EMS - How Early Mortality Syndrome Changed Shrimp Farming
In a world with an ever-increasing population, shrimp farmers across the globe have begun to abandon traditional poly-culture farms and turn towards increasingly technologically advanced monoculture and intensive farms in order to meet the world’s growing food demands. Lucrative, efficient and necessary, these farms are a huge step in optimizing the shrimp industry, where farmed shrimp accounts for 55% of the shrimp produced globally. However, as any seasoned farmer or population dynamics biologist would know, when population is increased without adequate increases in habitat area, certain risks emerge and the results can be catastrophic. Enter EMS, the disease that has already drastically altered the face of shrimp farming.
Picture it: Southern China, 2009. A shrimp farmer notices a lethargy move across his juvenile shrimp and before the week is out more than half of his stock is lost. The pattern follows throughout his neighbors’ ponds and the entire Chinese shrimp industry takes a hit. This strange phenomenon, come to be referred to as Early Mortality Syndrome (EMS), picks up speed and by 2012 Vietnam, Malaysia and Thailand are reporting 90% losses. The entire industry mobilizes to discover and defend against the cause of this disastrous occurrence.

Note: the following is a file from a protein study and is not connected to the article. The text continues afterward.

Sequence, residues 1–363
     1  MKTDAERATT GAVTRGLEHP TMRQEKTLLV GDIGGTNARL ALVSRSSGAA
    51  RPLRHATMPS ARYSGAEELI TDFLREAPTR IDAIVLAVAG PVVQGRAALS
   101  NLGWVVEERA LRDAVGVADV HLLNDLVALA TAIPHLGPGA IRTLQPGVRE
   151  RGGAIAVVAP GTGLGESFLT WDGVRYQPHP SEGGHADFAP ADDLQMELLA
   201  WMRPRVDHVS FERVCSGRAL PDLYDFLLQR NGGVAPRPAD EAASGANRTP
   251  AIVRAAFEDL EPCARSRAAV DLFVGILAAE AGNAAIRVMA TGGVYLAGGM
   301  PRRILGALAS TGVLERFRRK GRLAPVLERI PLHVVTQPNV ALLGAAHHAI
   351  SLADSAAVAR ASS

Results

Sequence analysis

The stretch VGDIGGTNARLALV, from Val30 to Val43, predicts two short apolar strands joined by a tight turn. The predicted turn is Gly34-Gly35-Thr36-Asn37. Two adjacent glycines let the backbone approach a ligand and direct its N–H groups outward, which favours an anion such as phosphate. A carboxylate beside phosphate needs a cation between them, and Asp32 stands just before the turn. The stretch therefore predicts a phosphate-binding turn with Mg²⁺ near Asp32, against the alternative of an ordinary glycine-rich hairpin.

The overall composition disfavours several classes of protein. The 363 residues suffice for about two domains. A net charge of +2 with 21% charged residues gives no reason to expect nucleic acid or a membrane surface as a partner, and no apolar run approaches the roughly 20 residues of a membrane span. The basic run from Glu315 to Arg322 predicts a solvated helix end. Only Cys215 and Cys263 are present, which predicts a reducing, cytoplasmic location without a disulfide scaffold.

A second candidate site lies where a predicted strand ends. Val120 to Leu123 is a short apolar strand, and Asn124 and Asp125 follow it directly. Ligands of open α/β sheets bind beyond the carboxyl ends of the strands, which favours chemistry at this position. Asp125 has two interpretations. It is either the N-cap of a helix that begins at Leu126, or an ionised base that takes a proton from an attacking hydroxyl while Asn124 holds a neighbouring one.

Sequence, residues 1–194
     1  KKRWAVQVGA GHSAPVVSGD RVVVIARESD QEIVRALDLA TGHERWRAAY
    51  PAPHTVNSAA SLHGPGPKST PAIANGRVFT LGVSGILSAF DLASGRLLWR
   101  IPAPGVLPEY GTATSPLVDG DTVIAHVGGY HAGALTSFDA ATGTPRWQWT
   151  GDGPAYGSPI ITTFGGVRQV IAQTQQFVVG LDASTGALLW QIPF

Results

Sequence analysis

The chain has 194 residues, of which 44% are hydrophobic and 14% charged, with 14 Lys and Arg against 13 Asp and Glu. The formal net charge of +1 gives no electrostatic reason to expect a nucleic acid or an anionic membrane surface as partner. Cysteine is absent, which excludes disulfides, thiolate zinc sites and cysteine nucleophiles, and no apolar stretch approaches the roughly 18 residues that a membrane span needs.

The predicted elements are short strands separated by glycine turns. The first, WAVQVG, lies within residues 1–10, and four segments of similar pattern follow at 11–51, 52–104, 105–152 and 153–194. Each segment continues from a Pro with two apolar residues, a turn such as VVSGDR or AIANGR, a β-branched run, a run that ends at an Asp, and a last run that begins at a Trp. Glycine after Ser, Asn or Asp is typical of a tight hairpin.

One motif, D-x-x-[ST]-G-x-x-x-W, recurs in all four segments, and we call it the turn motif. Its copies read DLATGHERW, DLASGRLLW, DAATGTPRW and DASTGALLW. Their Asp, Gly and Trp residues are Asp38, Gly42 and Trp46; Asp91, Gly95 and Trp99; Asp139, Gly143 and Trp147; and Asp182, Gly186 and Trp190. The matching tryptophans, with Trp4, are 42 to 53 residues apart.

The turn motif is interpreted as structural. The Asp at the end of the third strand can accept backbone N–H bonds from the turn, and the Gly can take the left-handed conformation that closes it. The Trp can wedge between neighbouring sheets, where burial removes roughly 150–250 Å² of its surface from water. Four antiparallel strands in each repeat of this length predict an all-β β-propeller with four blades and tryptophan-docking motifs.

With millions of dollars in research, the culprit of EMS was found to be a strain of Vibrio parahaemolyticus, a usually harmless bacterium which in this case has evolved to create a biotoxin detrimental to shrimp hepatopancreas health. Given the name Hepatopancreatic Acute Necrosis Syndrome (AHPND), shrimp farmers and biologists across the world began the painstaking journey of understanding and thwarting the new threat to this essential agricultural industry.
A fast acting disease, the symptoms of EMS emerge within the first week of stocking a pond, and usually lead to 100% mortality before the month is out. According to, The Fish Site, symptoms include:
- Erratic swimming or swimming near the bottom of the pond
- Reduced growth
- whitening of the hepatopancreas
- reduction in size of hepatopancreas
- Soft texture of the exoskeleton
- Dark spots or streaks on the hepatopancreas
- Hardening of hepatopancreas
Fast forward 5 years, and the farmers have begun to revolutionize the way they handle biosecurity. With the introduction of highly filtered ponds, use of replaceable plastic liners and intensive airlock and washing procedures, the threat of EMS has been reduced, but not eliminated. Even experimental polyculture closed systems, such as the one created by Chaiwairuth Arunsopha and described here by Wudan Yan, are not foolproof against EMS. In fact, despite the measures taken to prevent spread of the disease, this past year the USDA confirmed reports of the first EMS case in the United States.
With no obvious cure and current preventative measures working mediocre at best, the farmed shrimp industry will have to think outside the box to solve this dynamic threat.